Apps Plugin

Costa Tsaousis edited this page Dec 14, 2016 · 7 revisions


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This plugin provides charts for 3 sections of the default dashboard:

  1. Per application charts
  2. Per user charts
  3. Per user group charts

Per application charts

This plugin walks through the entire /proc filesystem and aggregates statistics for applications of interest, defined in /etc/netdata/apps_groups.conf (the default is here).

The plugin internally builds a process tree (much like ps fax does), and groups processes together (evaluating both child and parent processes) so that the result is always a chart with a predefined set of dimensions (of course, only application groups found running are reported).

Using this information it provides the following charts (per application group defined in /etc/netdata/apps_groups.conf):

  1. Total CPU usage
  2. Total User CPU usage
  3. Total System CPU usage
  4. Total Disk Physical Reads
  5. Total Disk Physical Writes
  6. Total Disk Logical Reads
  7. Total Disk Logical Writes
  8. Total Open Files (unique files - if a file is found open multiple times, it is counted just once)
  9. Total Dedicated Memory (non shared)
  10. Total Minor Page Faults
  11. Total Number of Processes
  12. Total Number of Threads
  13. Total Number of Pipes
  14. Total Swap Activity (Major Page Faults)
  15. Total Open Sockets

Per User Charts

All the above charts, are also grouped by username, using the effective uid of each process.

Per Group Charts

All the above charts, are also grouped by group name, using the effective gid of each process.

CPU Usage

apps.plugin is a complex software piece and has a lot of work to do (actually this plugin requires more CPU resources that the netdata daemon). For each process running, apps.plugin reads several /proc files to get CPU usage, memory allocated, I/O usage, open file descriptors, etc. Doing this work per-second, especially on hosts with several thousands of processes, may increase the CPU resources consumed by the plugin.

In such cases, you many need to lower its data collection frequency. To do this, edit /etc/netdata/netdata.conf and find this section:

    # update every = 1
    # command options = 

Uncomment the line update every and set it to a higher number. If you just set it to 2, its CPU resources will be cut in half, and data collection will be once every 2 seconds.


The configuration file is /etc/netdata/apps_groups.conf (the default is here).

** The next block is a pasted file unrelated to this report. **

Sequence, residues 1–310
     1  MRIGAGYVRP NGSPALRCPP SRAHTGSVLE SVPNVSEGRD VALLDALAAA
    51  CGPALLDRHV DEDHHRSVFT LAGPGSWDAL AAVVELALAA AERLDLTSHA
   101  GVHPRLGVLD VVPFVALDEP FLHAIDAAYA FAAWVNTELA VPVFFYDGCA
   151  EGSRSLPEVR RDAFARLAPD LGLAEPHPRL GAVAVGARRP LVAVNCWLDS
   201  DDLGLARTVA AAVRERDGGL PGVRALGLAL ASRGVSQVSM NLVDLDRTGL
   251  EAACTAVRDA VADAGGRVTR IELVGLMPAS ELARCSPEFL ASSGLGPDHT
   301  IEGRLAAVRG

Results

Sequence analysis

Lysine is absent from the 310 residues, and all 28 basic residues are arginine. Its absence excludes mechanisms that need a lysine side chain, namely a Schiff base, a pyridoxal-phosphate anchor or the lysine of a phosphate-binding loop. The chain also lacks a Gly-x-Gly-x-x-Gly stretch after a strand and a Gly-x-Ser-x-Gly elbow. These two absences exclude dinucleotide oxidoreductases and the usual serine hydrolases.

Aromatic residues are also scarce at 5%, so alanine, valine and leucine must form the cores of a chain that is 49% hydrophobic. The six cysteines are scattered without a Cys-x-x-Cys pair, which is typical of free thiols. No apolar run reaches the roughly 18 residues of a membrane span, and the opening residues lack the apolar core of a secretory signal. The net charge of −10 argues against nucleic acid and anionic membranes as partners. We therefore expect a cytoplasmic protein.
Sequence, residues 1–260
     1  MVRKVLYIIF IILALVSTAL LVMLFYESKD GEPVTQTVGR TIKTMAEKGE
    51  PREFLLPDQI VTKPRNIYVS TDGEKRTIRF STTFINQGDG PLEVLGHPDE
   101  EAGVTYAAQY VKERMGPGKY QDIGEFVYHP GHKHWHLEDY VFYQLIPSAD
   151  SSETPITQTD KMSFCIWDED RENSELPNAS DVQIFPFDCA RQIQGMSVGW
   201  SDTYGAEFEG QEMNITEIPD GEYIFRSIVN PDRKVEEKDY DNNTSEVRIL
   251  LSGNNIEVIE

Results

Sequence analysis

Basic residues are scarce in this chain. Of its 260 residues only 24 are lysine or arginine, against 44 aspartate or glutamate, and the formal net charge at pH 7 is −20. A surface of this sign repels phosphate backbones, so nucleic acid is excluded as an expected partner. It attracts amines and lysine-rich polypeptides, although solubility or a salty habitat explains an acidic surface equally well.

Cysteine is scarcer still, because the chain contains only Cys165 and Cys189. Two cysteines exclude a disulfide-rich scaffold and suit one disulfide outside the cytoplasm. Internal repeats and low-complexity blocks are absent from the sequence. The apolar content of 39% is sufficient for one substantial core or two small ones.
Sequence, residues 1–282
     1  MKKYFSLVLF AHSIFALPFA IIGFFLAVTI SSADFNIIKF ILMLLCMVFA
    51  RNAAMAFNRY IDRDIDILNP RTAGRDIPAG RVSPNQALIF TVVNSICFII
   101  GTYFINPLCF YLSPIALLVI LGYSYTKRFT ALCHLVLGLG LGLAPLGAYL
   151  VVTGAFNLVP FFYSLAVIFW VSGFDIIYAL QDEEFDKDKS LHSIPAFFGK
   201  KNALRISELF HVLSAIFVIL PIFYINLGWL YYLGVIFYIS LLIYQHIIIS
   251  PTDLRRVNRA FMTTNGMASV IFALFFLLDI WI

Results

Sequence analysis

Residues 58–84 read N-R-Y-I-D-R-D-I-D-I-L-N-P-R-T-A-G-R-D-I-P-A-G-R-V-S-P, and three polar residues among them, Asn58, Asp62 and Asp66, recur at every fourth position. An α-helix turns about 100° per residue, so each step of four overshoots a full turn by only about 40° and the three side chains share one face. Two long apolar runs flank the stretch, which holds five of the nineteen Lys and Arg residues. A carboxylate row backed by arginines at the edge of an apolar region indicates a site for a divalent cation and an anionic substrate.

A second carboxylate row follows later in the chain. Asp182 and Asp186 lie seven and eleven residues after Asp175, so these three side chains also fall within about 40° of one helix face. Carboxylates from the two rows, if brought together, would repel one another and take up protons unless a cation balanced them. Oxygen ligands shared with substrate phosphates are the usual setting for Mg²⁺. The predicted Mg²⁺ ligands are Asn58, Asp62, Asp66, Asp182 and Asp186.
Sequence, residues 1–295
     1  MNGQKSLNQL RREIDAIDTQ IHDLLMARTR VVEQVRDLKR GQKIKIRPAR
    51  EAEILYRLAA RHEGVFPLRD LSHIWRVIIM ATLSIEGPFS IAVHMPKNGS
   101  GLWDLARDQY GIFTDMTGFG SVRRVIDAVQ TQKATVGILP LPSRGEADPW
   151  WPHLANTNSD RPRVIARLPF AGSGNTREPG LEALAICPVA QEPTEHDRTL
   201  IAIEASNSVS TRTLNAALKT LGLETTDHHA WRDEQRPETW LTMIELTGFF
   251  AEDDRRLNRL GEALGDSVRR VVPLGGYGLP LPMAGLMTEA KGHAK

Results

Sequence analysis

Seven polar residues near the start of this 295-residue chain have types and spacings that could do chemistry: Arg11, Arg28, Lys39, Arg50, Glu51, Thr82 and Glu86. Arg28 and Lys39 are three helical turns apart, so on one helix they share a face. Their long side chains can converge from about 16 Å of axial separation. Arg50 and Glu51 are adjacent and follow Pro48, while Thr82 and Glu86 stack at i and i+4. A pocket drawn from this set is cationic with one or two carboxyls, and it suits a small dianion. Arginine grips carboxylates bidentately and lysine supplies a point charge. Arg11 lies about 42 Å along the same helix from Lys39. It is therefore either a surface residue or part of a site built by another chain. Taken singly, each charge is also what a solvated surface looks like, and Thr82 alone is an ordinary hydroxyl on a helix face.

The configuration file works accepts multiple lines, each having this format:

group: process1 process2 ...

Process names should be given as they appear when running ps -e. The program will actually match the process names in the /proc/PID/status file. So, to be sure the name is right for a process running with PID X, do this:

cat /proc/X/status

The first line on the output is Name: xxxxx. This is the process name apps.plugin sees.

The order of the lines in the file is important only if you include the same process name to multiple groups.

Apps plugin is missing information

apps.plugin requires additional privileges to collect all the information it needs. The problem is described in issue #157.

When netdata is installed, apps.plugin is given the capabilities cap_dac_read_search,cap_sys_ptrace+ep. If that is not possible (i.e. setcap fails), apps.plugin is setuid to root.

linux capabilities in containers

There are a few cases, like docker and virtuozzo containers, where setcap succeeds, but the capabilities are silently ignored (in lxc containers setcap fails).

In these cases that setcap succeeds by capabilities do not work, you will have to setuid to root apps.plugin by running these commands:

chown root:netdata /usr/libexec/netdata/plugins.d/apps.plugin
chmod 4755 /usr/libexec/netdata/plugins.d/apps.plugin

You will have to run these, every time you update netdata.

Is is safe to give apps.plugin these privileges?

apps.plugin performs a hard-coded function of building the process tree in memory, iterating forever, collecting metrics for each running process and sending them to netdata. This is a one-way communication, from apps.plugin to netdata.

So, since apps.plugin cannot be instructed by netdata for the actions it performs, we think it is pretty safe to allow it have these increased privileges.

Keep in mind that apps.plugin will still run without these permissions, but it will not be able to collect all the data for every process.